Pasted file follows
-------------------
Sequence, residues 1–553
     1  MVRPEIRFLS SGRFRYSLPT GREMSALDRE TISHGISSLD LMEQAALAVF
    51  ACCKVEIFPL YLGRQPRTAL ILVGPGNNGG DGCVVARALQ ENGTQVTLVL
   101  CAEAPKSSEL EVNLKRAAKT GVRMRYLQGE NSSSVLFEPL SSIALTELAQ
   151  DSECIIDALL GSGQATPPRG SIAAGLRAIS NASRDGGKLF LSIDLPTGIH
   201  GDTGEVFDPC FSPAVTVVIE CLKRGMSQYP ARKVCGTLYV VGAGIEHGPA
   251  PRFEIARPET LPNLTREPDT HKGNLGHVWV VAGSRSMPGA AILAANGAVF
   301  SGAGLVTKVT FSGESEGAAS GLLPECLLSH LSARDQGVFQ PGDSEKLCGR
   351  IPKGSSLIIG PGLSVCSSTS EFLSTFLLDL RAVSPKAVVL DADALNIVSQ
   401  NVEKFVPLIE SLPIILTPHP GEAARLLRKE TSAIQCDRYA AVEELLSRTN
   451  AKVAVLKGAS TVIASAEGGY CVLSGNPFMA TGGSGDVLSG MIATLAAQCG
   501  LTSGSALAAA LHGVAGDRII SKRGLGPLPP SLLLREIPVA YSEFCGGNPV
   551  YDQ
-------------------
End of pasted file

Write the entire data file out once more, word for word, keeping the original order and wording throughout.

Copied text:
Sequence, residues 1–553
     1  MVRPEIRFLS SGRFRYSLPT GREMSALDRE TISHGISSLD LMEQAALAVF
    51  ACCKVEIFPL YLGRQPRTAL ILVGPGNNGG DGCVVARALQ ENGTQVTLVL
   101  CAEAPKSSEL EVNLKRAAKT GVRMRYLQGE NSSSVLFEPL SSIALTELAQ
   151  DSECIIDALL GSGQATPPRG SIAAGLRAIS NASRDGGKLF LSIDLPTGIH
   201  GDTGEVFDPC FSPAVTVVIE CLKRGMSQYP ARKVCGTLYV VGAGIEHGPA
   251  PRFEIARPET LPNLTREPDT HKGNLGHVWV VAGSRSMPGA AILAANGAVF
   301  SGAGLVTKVT FSGESEGAAS GLLPECLLSH LSARDQGVFQ PGDSEKLCGR
   351  IPKGSSLIIG PGLSVCSSTS EFLSTFLLDL RAVSPKAVVL DADALNIVSQ
   401  NVEKFVPLIE SLPIILTPHP GEAARLLRKE TSAIQCDRYA AVEELLSRTN
   451  AKVAVLKGAS TVIASAEGGY CVLSGNPFMA TGGSGDVLSG MIATLAAQCG
   501  LTSGSALAAA LHGVAGDRII SKRGLGPLPP SLLLREIPVA YSEFCGGNPV
   551  YDQ